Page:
The Spirit blows, as we know, where He will; but from now on He will have to make a phone call ahead of time to Card. Joao Braz de Aviz.  And maybe even first get a recommendation from a theologian of Liberation Theology….

Tosatti, as you can see, has a somewhat negative view of this move. Also, it may be that, if I am reading this correctly, he misses the point that bishops – provided that they have backbones – are still free to establish institutes of consecrated life, provided that they “consult”… “consult”, not “obtain permission”.


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WDTPRS – Trinity Sunday: Shared glory, Majesty’s gift

The Trinity is the hardest, most mysterious of all dogmas.

There is a logic to the timing of this feast.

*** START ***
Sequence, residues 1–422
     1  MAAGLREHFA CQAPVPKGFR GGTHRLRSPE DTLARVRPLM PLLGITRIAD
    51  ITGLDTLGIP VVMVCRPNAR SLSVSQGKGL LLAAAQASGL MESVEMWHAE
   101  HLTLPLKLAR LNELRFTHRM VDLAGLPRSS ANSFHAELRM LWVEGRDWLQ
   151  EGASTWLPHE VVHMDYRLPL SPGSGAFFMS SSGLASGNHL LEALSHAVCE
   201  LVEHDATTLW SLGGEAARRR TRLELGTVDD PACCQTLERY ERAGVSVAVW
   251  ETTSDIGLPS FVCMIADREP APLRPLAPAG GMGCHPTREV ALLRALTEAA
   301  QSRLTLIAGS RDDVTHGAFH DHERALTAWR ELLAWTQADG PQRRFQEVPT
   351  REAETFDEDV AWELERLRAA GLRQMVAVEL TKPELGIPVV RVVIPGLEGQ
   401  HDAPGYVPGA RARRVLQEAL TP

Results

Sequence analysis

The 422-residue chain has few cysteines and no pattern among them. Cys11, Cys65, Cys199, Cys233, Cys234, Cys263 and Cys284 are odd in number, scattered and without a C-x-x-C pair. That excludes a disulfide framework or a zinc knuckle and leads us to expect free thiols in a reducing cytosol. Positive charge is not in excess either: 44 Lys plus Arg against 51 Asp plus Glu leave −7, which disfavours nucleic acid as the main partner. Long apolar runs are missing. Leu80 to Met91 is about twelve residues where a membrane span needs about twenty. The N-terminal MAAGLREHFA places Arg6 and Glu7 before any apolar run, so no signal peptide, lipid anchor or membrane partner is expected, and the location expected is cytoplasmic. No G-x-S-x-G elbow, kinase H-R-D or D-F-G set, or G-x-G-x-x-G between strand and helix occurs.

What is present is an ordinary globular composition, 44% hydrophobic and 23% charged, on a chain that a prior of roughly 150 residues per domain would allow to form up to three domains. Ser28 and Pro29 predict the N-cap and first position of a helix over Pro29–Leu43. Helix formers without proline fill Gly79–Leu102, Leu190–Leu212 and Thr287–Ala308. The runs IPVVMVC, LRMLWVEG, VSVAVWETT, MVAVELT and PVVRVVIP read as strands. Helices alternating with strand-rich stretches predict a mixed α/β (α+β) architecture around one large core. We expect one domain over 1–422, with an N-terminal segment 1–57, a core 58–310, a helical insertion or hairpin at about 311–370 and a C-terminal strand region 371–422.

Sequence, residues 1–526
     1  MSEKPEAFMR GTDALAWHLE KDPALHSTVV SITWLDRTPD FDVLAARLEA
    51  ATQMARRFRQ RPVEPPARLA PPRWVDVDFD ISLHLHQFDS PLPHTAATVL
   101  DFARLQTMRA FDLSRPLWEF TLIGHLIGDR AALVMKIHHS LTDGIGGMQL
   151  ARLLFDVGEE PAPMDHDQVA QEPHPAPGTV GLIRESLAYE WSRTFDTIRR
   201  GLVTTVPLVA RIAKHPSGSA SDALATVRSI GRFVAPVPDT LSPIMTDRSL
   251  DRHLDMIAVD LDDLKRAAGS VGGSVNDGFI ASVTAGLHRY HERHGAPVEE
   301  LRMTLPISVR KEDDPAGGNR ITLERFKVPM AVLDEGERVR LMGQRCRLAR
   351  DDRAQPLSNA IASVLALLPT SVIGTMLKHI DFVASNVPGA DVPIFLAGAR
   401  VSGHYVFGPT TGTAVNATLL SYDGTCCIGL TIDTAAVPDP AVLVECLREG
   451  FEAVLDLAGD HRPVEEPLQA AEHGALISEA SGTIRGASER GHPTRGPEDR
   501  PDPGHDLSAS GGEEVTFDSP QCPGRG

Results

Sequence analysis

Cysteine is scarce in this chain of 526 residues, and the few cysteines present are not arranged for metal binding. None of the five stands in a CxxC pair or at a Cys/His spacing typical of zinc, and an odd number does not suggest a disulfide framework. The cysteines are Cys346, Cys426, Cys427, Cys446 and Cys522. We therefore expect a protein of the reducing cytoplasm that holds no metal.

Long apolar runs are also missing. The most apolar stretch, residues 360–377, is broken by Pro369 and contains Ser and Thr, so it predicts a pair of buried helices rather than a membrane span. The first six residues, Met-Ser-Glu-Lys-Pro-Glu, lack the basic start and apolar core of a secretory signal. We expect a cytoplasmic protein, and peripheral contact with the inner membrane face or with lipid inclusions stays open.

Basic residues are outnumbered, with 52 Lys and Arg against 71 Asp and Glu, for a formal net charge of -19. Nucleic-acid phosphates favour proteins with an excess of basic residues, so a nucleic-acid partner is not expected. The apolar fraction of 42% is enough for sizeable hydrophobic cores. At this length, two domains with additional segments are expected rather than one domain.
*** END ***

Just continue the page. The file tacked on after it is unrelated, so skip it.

We focus on the Son’s Ascension to the Father, then the Holy Spirit on Pentecost, and then the Triune God the Sunday after.

God the Father created us through the Son who redeemed us and revealed us more fully to ourselves (GS 22). God the Holy Ghost sanctifies us in Christ’s Holy Church so we can enjoy communion in the Trinity in the life to come.

Here is Sunday’s Collect:

Deus Pater, qui, Verbum veritatis et Spiritum sanctificationis mittens in mundum, admirabile mysterium tuum hominibus declarasti, da nobis, in confessione verae fidei, aeternae gloriam Trinitatis agnoscere, et Unitatem adorare in potentia maiestatis.

This is glued together from new material and part of the 1962 Collect.  The phrase admirabile mysterium is used to describe the Trinity in the minutes of the summit of June 411 in Carthage between Catholic and Donatist bishops. St Augustine of Hippo (d 430), whose work On the Trinity was the first great work of systematic theology in Latin, was a major player at that meeting.